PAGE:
Follow Us On Facebook

Home Journal of Nursing Publish Search Advertise With Us

Bookmark the RN Journal in your Favorites File for easy reference!

Journal of Nursing

Health Care Reform: One Nurse's Story

Keturah Tracy MSN, RN [email protected]

Health Care Reform: One Nurse’s Story
I have a personal commitment to public health. I am an RN, with a master’s degree in nursing administration. I worked as a public health nurse before completing my master’s degree, at which time I taught public health nursing as an adjunct professor to university nursing students.
I am also the single mom of a special needs child. The income of an adjunct varies from semester to semester and summers are often without pay. Benefits are also an issue. Health insurance is important for any family, but especially for one with known ongoing medical needs.
I was told in May that I would not be needed for fall semester. This was difficult for me, since I had finally been working at the university long enough to qualify for benefits. I now know that quite a few of us were not offered contracts for fall semester, and this is highly unusual considering the value of adjunct faculty.
When I found out I wouldn’t have any teaching hours this fall, I started on a job hunt in the nursing field. Ironically, it was of concern to many potential employers that I did not have recent direct-care nursing experience, and the new grads, students I had been training, were getting preferential hiring over me!
I finally found a nursing job in my specialty, a home health nursing agency, that would to hire me. It paid $2 less per hour than another interested employer, but offered full-time hours with benefits which the higher-paying employer did not. Unfortunately, they are not giving me enough hours for me to qualify for benefits. They were very prompt, however, at sending me information on how to apply for health insurance on the federal website.
So I now find myself in the embarrassing position of holding a master’s degree in a health care field, with a focus on prevention as my specialty, yet unable to provide preventive healthcare, or any type of healthcare, for my family and myself. AND I AM NOT ALONE.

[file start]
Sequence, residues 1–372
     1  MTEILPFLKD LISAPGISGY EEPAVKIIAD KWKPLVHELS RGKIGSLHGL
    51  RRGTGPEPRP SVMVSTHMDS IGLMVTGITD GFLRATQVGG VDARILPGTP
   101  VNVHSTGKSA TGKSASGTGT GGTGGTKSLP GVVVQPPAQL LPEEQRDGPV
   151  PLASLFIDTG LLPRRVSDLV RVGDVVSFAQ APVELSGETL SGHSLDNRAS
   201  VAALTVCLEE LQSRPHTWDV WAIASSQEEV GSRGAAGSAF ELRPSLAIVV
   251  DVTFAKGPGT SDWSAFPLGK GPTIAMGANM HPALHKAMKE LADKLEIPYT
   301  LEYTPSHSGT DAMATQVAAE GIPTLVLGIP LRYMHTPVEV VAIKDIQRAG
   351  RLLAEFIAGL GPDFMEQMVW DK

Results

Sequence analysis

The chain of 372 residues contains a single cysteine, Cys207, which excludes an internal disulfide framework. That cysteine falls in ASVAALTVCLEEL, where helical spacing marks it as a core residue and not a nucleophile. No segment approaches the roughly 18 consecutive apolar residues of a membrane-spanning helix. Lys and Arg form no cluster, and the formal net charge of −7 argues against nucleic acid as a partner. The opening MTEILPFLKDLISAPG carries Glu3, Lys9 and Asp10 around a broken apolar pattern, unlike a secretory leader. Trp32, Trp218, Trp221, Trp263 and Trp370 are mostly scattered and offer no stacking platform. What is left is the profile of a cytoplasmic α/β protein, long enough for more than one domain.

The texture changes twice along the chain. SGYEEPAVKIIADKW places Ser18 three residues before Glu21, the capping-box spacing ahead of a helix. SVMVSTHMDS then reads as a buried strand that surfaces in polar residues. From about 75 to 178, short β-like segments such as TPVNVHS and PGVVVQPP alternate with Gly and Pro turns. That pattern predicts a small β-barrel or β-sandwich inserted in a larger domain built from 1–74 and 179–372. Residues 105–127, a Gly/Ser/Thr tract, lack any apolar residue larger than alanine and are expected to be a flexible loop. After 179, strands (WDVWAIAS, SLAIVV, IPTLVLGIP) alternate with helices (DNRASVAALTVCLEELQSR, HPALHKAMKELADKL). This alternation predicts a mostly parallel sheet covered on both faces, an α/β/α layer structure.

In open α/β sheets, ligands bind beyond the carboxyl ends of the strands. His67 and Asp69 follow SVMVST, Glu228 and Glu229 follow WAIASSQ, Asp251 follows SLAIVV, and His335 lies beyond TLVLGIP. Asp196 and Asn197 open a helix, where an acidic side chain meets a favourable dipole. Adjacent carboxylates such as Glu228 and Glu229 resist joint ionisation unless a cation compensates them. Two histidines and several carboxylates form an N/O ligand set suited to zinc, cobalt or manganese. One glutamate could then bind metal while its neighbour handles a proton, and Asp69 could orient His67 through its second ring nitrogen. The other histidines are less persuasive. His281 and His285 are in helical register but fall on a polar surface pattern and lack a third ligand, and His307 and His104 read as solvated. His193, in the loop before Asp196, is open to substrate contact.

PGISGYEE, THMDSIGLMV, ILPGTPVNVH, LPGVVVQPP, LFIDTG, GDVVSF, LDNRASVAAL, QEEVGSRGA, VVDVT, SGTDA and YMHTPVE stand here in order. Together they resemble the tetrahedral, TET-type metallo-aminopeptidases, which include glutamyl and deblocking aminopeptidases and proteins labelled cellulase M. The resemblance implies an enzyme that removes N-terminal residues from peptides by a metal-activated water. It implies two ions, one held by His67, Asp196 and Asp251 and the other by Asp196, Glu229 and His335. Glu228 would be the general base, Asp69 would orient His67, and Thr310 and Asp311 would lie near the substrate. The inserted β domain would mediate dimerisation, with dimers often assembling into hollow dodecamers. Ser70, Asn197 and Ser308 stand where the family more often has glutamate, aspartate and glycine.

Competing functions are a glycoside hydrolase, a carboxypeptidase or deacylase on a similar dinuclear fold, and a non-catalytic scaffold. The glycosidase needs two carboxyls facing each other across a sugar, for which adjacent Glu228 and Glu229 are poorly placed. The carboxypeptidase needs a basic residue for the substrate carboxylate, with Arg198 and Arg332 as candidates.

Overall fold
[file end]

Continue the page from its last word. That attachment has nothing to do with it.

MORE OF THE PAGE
Because major employers are now being required to provide health insurance to full-time employees, more and more of them are resorting to hiring part-time help. And some are using deceptive hiring practices to accomplish this. This is one very unfortunate consequence of health care reform.
I continue to look for full-time work with benefits, and in the meantime have the luxury of part-time work which I enjoy, while getting recent direct-care experience added to my resume. I am in better shape than most under-employed in this country. And as a nurse committed to public health, that’s very disappointing.
Keturah Tracy MSN, RN

« Back to the Journal of Nursing

© 2000-2021 // JJP Internet Ventures, LLC
Use of this website constitutes acceptance of our 
Terms of Service Information, articles, Press Releases, videos, and links are published as a convenience to our visitors. Articles are to be used only as a reference aid. They are not intended to be used as a substitute for the exercise of professional judgment. Any questions or comments about the article should be directed to the author. We take no responsibility and give no guarantees, warranties or representations, implied or otherwise, for the content or accuracy.
Website Design & Hosting by Palm Tree Creative